Vegetable Oil - or canola oil or any neutral-tasting oil is fine here. If you prefer you can use the same amount of melted butter, as well.
You will also need - all purpose flour, salt and cinnamon.
This is a visual summary of the process for making this bread. Always refer to the complete instructions in the Recipe Card below when making the recipe, as all steps may not be illustrated here.
- As with all yeast breads, add only as much flour as needed to bring the dough together. You may not need all the amount listed or you may need a little more.
- I find oatmeal breads make for a quite moist dough, that can look sticky, even when it has enough flour. So avoid the urge to add too much flour in the bowl. It should just wrap the kneading hook and clean the bowl. At that point, remove it to the counter to knead, where you can add a bit more flour as needed, if the dough is sticky there.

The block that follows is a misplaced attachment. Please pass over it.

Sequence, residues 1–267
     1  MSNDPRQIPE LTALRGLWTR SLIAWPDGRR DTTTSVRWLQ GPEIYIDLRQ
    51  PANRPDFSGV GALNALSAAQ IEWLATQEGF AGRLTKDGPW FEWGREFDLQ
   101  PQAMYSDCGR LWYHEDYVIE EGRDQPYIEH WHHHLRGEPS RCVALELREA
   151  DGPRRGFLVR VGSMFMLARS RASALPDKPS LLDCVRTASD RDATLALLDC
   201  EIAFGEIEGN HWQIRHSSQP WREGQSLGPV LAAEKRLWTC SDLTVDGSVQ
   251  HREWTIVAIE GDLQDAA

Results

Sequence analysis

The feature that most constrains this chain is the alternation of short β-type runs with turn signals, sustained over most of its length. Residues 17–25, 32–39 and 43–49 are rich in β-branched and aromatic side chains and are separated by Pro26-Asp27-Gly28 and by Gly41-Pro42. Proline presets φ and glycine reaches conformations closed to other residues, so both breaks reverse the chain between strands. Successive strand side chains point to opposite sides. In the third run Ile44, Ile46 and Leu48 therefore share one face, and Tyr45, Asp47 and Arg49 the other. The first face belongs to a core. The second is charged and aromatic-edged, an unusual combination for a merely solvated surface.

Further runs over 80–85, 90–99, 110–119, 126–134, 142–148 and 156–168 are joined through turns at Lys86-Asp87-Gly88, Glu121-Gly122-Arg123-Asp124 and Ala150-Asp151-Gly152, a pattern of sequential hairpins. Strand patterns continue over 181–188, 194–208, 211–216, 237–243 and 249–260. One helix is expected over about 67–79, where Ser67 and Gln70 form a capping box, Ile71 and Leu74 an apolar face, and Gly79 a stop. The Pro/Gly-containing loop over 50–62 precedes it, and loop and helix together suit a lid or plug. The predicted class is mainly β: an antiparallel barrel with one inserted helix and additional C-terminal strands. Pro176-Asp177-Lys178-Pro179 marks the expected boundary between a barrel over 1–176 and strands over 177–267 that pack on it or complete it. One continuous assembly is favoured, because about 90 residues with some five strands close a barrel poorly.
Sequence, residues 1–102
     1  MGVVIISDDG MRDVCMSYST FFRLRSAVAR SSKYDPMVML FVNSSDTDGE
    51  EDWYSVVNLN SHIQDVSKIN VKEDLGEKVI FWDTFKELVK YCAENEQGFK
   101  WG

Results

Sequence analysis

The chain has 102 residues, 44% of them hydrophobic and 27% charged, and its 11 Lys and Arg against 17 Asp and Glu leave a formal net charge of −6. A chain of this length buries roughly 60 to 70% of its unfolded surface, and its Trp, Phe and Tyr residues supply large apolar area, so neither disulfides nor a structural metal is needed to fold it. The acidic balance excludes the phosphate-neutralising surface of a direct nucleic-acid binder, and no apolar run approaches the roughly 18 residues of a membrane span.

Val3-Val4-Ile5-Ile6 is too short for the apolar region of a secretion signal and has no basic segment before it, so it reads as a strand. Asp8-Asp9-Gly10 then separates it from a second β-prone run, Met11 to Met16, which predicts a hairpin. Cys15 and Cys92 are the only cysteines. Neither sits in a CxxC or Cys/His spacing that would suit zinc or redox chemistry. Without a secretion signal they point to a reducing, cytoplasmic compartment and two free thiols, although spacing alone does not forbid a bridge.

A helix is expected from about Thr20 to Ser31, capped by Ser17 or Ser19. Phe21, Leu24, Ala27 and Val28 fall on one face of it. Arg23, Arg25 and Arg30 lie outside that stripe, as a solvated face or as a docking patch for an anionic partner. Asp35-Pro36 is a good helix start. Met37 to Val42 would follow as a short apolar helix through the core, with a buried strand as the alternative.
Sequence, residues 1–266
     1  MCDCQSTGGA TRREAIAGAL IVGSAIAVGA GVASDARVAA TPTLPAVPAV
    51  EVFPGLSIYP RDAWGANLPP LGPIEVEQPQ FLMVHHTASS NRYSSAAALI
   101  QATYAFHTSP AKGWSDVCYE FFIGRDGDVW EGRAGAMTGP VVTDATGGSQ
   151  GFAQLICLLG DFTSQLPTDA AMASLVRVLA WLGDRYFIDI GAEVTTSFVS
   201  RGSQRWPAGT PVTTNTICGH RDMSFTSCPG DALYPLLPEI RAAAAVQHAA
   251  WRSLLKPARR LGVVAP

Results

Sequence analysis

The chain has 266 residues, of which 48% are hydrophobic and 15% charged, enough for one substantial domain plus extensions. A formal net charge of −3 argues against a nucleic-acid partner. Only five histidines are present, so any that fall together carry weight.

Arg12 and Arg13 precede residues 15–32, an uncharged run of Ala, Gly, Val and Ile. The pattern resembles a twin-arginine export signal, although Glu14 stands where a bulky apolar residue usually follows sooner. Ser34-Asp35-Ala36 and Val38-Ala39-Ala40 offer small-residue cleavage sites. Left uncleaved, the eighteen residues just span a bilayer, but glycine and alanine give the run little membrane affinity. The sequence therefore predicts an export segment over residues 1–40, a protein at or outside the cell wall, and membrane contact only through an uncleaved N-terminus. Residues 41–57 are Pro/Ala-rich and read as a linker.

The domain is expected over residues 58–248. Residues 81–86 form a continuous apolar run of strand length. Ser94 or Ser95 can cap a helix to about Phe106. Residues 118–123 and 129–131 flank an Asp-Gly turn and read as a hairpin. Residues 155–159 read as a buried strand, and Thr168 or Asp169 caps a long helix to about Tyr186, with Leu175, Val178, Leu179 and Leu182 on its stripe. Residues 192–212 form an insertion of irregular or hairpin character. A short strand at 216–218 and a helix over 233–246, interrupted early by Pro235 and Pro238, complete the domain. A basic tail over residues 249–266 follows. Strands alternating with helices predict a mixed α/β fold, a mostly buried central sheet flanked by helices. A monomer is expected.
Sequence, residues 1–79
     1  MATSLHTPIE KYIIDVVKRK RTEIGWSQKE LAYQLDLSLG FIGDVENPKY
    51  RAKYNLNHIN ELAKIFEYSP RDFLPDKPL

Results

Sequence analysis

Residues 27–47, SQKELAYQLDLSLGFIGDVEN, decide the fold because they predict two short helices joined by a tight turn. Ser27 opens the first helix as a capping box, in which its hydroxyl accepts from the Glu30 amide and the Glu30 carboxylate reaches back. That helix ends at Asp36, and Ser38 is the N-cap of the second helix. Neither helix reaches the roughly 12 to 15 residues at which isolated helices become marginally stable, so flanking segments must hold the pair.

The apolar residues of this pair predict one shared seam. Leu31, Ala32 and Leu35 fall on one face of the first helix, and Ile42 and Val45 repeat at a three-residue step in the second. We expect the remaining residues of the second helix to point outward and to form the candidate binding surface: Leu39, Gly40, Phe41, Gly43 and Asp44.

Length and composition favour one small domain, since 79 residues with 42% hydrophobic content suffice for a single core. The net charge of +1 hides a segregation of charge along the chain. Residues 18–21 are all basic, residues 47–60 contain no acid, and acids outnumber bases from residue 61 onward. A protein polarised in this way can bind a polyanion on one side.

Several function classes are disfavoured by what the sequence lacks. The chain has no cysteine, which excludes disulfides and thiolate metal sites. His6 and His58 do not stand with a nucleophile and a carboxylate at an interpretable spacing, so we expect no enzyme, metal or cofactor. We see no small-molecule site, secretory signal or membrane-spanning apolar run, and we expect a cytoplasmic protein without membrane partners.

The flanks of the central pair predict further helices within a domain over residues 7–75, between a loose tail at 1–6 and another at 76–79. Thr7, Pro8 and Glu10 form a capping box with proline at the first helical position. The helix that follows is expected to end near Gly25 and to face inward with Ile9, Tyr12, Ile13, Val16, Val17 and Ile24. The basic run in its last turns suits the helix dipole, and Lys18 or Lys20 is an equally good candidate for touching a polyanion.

- Rising times in yeast bread recipes are always approximate and will vary from kitchen to kitchen, depending on the temperature of your kitchen. In a cooler Winter kitchen, it will take longer. In your hot Summer kitchen, it will rise more quickly. Just keep an eye on it and let the dough rise for as long as it takes to just double.
- Do note that while the oven will be preheated to 450F, you will reduce it to 375F as soon as the loaf goes in the oven. Don't forget that part, or it won't end well :)
- You can double the recipe without issue, but do be sure your stand mixer can handle this bulky dough. If it seems to be straining, remove to the counter and finish adding flour and kneading there.